# drop the `age` column
> my_DF.drop('age', axis=1)
'Output':  
  state_of_origin
0           Lagos
1     Cross River
2            Kano
3            Abia
4           Benue

Adding a Row/ Column

We can add a new column to a Pandas DataFrame by using the assign method

# show dataframe
> my_DF = pd.DataFrame({'age': [15,17,21,29,25], \
            'state_of_origin':['Lagos', 'Cross River', 'Kano', 'Abia', 'Benue']})
> my_DF
'Output':  
   age state_of_origin
0   15           Lagos
1   17     Cross River
2   21            Kano
3   29            Abia
4   25           Benue
# add column to data frame
> my_DF = my_DF.assign(capital_city = pd.Series(['Ikeja', 'Calabar', \
                                                'Kano', 'Umuahia', 'Makurdi']))
> my_DF
'Output':  
   age state_of_origin capital_city
0   15           Lagos        Ikeja
1   17     Cross River      Calabar
2   21            Kano         Kano
3   29            Abia      Umuahia
4   25           Benue      Makurdi

We can also add a new DataFrame column by computing some function on another column. Let’s take an example by adding a column computing the absolute difference of the ages from their mean.

> mean_of_age = my_DF['age'].mean()
> my_DF['diff_age'] = my_DF['age'].map(lambda x: abs(x-mean_of_age))
> my_DF
'Output':  
   age state_of_origin  diff_age
0   15           Lagos       6.4
1   17     Cross River       4.4
2   21            Kano       0.4
3   29            Abia       7.6
4   25           Benue       3.6

Typically in practice, a fully formed dataset is converted into Pandas for cleaning and data analysis, which does not ideally involve adding a new observation to the dataset. But in the event that this is desired, we can use the append() method to achieve this. However, it may not be a computationally efficient action. Let’s see an example.

# show dataframe
> my_DF = pd.DataFrame({'age': [15,17,21,29,25], \
            'state_of_origin':['Lagos', 'Cross River', 'Kano', 'Abia', 'Benue']})
> my_DF
'Output':  
   age state_of_origin
0   15           Lagos
1   17     Cross River
2   21            Kano
3   29            Abia
4   25           Benue
# add a row to data frame
> my_DF = my_DF.append(pd.Series([30 , 'Osun'], index=my_DF.columns), \
                                                        ignore_index=True)
> my_DF
'Output':  
   age state_of_origin
0   15           Lagos
1   17     Cross River
2   21            Kano
3   29            Abia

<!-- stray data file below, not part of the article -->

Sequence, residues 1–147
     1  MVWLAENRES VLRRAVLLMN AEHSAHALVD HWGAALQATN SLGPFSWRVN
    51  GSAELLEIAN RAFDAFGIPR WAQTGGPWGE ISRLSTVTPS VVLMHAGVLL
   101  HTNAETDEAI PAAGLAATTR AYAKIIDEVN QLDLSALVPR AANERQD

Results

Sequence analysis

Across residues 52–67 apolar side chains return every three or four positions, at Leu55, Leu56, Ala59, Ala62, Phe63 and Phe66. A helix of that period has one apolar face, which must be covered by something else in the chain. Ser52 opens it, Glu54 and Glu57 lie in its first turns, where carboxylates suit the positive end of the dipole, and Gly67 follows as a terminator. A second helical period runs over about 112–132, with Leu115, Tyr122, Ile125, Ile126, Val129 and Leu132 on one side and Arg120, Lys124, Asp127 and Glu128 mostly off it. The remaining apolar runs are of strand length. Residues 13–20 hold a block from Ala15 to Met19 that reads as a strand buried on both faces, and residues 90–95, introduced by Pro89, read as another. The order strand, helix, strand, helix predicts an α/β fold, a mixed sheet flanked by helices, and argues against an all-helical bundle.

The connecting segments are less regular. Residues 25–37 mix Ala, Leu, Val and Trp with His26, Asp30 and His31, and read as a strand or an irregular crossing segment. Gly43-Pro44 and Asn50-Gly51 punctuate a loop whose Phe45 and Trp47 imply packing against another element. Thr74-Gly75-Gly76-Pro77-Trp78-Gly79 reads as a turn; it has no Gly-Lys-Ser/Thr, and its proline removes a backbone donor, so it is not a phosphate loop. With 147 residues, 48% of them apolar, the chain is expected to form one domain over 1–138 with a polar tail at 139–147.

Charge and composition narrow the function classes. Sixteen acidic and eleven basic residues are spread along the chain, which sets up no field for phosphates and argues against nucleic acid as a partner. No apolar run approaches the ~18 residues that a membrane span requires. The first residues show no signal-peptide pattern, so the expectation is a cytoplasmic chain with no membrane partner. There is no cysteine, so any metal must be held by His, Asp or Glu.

4   25           Benue
5   30            Osun

We observe that adding a new row involves passing to the append method, a Series object with the index attribute set to the columns of the main DataFrame. Since typically, in given datasets, the index is nothing more than the assigned defaults, we set the attribute ignore_index to create a new set of default index values with the new row(s).

Data Alignment

Pandas utilizes data alignment to align indices when performing some binary arithmetic operation on DataFrames. If two or more DataFrames in an arithmetic operation do not share a common index, a NaN is introduced denoting missing data. Let’s see examples of this.

# create a 3x3 dataframe - remember randint(low, high, size)
> df_A = pd.DataFrame(np.random.randint(1,10,[3,3]),\
            columns=['First','Second','Third'])
> df_A
'Output':  
   First  Second  Third
0      2       3      9
1      8       7      7
2      8       6      4
# create a 4x3 dataframe
> df_B = pd.DataFrame(np.random.randint(1,10,[4,3]),\
            columns=['First','Second','Third'])
> df_B
'Output':  
   First  Second  Third
0      3       6      3
1      2       2      1
2      9       3      8
3      2       9      2
# add df_A and df_B together
> df_A + df_B
'Output':  
   First  Second  Third
0    5.0     9.0   12.0
1   10.0     9.0    8.0
2   17.0     9.0   12.0
3    NaN     NaN    NaN
> divide both dataframes
> df_A / df_B
'Output':  
      First  Second  Third
0  0.666667     0.5    3.0
1  4.000000     3.5    7.0
2  0.888889     2.0    0.5
3       NaN     NaN    NaN

If we do not want a NaN signifying missing values to be imputed, we can use the fill_value attribute to substitute with a default value. However, to take advantage of the fill_value attribute, we have to use the Pandas arithmetic methods: add(), sub(), mul(), div(), floordiv(), mod(), and pow() for addition, subtraction, multiplication, integer division, numeric division, reminder division and exponentiation. Let’s see examples.

> df_A.add(df_B, fill_value=10)
'Output':  
   First  Second  Third
0    5.0     9.0   12.0
1   10.0     9.0    8.0
2   17.0     9.0   12.0
3   12.0    19.0   12.0

Combining Datasets

We may need to combine two or more data sets together, Pandas provides methods for such operations. We would consider the simple case of combining data frames with shared column names using the concat method.

# combine two dataframes column-wise
> pd.concat([df_A, df_B])
'Output':  
   First  Second  Third
0      2       3      9
1      8       7      7
2      8       6      4
0      3       6      3
1      2       2      1
2      9       3      8
3      2       9      2

Observe that the concat method preserves indices by default. We can also concatenate or combine two dataframes by rows (or horizontally). This is done by setting the axis parameter to 1.

# combine two dataframes horizontally
> pd.concat([df_A, df_B], axis=1)
'Output':  
Out[246]: 
   First  Second  Third  First  Second  Third
0    2.0     3.0    9.0      3       6      3
1    8.0     7.0    7.0      2       2      1
2    8.0     6.0    4.0      9       3      8
3    NaN     NaN    NaN      2       9      2

Handling Missing Data

Dealing with missing data is an integral part of the Data cleaning/ data analysis process. Moreover, some machine learning algorithms will not work in the presence of missing data. Let’s see some simple Pandas methods for identifying and removing missing data, as well as imputing values into missing data.